Asking Questions in the Clinical Learning Environment
Considering the Needs Assessment
By Geoff Stetson, MD
After covering general rules to asking questions, and what is a “bad question”, it’s time to get into some of the specific ways in which questions can be used effectively in the clinical learning environment. In my health professions education training, I was brought up with the “Kern Six-Step Approach” to curriculum development in medical education1. Those of us who use it, tend to know it backwards and forwards. In figure 1, you can see a conceptualization of the six steps. After building a few curricula and beginning to apply this model on a regular basis, I began to think about all of my teaching in the general framework of:
- Identify a learning need
- Determine my objectives
- Plan teaching interventions that meets my objectives
- Get feedback
And when I say all of my teaching, I mean ALL of my teaching. Whether it is dropping a pearl on rounds, giving a 15-minute “chalk talk” to my inpatient wards team, presenting at a conference or grand rounds, I always use this basic approach.
Figure 1. Kern’s Six-Step Approach to Curriculum Development in Medical Education.2
As you can see, the first step in my approach is identifying a learning need. There are many ways to identify learning needs in the clinical arena. The best way I know is to listen to what the learner’s are saying. Their presentation typically reveals what they know about a topic and what they do not. Pay close attention, and you should be able to identify gaps in knowledge that you can fill. A second way to identify a need is through the learner’s questions. Here, the learner is laying bare the point at which their knowledge ends (for now). Remember from my first post, this kind of honest and humble approach to the limits of understanding needs to be celebrated. The last way that I routinely identify needs is through asking questions (that’s why you’re here, right?).
When asking questions as a needs assessment, your goal is to find the gap in knowledge so that you can fill it in. It is important that you state this as your intention and make clear that their responses will not be used as part of their evaluation (Post 1 – Rules 1 & 2). The best way to perform a needs assessment through questions is to keep your line of inquiry broad and open-ended. What do I mean by broad? Think of your question as an invitation. You are inviting your learner to share with you the knowledge they possess, ideally up to their limits. What do I mean by open-ended? It would be difficult to answer the question with a “yes”, “no”, or any single word. For clarification, here are some categories and specific examples of question stems:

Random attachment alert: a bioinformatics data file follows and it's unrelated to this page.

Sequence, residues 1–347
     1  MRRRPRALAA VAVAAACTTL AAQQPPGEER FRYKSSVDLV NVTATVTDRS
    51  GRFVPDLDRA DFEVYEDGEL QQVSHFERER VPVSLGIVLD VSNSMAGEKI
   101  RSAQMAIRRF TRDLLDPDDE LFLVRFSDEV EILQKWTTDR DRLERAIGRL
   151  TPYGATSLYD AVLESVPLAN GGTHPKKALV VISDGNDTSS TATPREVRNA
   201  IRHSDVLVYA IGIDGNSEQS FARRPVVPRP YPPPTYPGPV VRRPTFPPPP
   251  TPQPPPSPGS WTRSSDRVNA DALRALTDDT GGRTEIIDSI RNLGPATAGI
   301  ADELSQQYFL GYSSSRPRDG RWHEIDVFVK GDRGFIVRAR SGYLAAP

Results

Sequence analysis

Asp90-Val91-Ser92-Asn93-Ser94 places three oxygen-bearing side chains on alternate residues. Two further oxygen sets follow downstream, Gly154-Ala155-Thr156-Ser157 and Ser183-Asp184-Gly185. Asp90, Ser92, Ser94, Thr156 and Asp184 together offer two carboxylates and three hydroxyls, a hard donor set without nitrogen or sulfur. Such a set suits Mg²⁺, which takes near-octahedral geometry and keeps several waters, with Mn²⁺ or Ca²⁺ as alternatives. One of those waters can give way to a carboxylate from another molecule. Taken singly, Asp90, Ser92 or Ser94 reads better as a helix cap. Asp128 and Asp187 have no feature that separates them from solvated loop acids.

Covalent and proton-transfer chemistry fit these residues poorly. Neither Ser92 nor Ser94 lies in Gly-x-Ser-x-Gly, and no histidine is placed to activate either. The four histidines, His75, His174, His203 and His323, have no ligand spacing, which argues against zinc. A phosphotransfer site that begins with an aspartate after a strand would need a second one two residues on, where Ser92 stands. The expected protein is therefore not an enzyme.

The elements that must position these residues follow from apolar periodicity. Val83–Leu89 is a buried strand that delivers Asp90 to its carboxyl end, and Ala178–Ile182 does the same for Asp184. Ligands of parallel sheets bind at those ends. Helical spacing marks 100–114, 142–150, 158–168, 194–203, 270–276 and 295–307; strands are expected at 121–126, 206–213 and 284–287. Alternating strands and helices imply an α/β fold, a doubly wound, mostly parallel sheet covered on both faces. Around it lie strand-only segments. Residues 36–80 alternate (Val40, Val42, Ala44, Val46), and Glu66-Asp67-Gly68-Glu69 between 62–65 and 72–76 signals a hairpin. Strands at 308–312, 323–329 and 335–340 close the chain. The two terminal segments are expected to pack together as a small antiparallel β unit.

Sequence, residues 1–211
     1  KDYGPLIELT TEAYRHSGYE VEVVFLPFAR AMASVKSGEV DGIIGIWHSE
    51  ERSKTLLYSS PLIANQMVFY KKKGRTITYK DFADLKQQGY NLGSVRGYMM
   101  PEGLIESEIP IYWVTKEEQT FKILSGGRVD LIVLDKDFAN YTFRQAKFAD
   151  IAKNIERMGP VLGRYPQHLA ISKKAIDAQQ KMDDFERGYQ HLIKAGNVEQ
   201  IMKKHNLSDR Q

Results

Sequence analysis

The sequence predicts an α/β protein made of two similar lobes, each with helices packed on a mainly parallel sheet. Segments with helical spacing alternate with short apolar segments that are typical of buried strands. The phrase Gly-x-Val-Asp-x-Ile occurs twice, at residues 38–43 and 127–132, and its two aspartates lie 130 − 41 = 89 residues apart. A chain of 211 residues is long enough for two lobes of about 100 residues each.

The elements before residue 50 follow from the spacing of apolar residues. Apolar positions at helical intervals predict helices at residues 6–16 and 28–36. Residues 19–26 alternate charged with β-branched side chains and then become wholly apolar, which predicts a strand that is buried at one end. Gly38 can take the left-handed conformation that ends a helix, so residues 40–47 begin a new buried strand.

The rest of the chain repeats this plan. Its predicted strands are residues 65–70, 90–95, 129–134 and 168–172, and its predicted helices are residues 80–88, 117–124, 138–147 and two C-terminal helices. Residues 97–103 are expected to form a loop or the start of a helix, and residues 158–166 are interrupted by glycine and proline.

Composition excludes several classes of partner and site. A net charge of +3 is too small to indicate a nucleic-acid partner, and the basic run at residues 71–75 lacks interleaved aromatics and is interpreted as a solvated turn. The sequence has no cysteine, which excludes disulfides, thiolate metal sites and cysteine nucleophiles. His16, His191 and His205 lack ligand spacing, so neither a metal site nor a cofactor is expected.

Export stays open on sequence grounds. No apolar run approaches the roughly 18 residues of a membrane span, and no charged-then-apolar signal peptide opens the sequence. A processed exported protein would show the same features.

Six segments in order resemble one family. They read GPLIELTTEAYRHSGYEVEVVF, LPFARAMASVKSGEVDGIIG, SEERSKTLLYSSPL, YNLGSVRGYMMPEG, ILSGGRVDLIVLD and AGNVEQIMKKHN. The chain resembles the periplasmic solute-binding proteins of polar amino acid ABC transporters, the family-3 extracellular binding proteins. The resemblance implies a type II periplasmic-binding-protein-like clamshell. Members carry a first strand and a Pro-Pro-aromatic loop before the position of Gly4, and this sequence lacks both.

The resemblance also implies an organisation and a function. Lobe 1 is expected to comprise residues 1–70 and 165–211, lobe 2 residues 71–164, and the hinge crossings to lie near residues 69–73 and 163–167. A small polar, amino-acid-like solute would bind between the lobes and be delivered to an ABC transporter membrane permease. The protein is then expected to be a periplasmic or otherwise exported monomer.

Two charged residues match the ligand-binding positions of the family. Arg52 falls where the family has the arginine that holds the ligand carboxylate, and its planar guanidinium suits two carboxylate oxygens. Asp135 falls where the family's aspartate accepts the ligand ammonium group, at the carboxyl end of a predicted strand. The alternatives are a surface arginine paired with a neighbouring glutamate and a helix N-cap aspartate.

- Open Invitations/Conversation Starters
- What has been your experience with… [insert disease process, syndrome, management decisions, specific patient population, etc.]?
- What have you been taught about…?
- Clinical Reasoning Specific
- How do you think about…?
- What is your approach to…?
- Questions focused on individual patients
- What would make you worried overnight?
- Why do you think this patient is presenting with… [insert discrepant piece of data from typical illness script]?
- How would you determine if we made the right diagnosis and management decisions?
- What is the next step in your diagnostic/management plan?
- What is your question for [insert consultant]?
This is a short list. As you can imagine, there are hundreds of questions that one could ask that fit these similar principles. Each of these questions is broad and open-ended, which is mostly accomplished by using the words “how”, “what”, or “why”. “How” and “why” questions are particularly difficult to answer with only a few words. “What” questions need to be well crafted such that you are not asking for an answer that is particularly specific.
Another aspect of all of the above question stems is the word “you”. Why is that important? Because you (the teacher) are assessing the needs of the specific learner. It is their specific knowledge gap that you are trying to determine. So, it is important to find out how they, specifically, think about and approach various clinical scenarios. For example, take a look at the following questions with the word “you” changed, compared to the examples above:
- Why is this patient presenting with… [insert discrepant piece of data from typical illness script]?
- What is the next step in the management plan?
- What is the question for the gastroenterologist?
Can you see the difference between these questions and those that include the word “you”? When omitting “you” it implies there is a right answer that the learner should attempt to produce. If you really want to find the gap in a learner’s knowledge (so that you can fill it), including the word “you” is key.
- All good teaching starts with a needs assessment
- Use broad and open-ended questions
- Use “how”, “what”, and “why” questions
- Always include “you”
See you next time for questions as retrieval practice.
1. Thomas PA, Kern DE, Hughes MT, Chen BY. Curriculum development for medical education : A Six-Step Approach. Third edition. ed. Baltimore: Johns Hopkins University Press; 2016.
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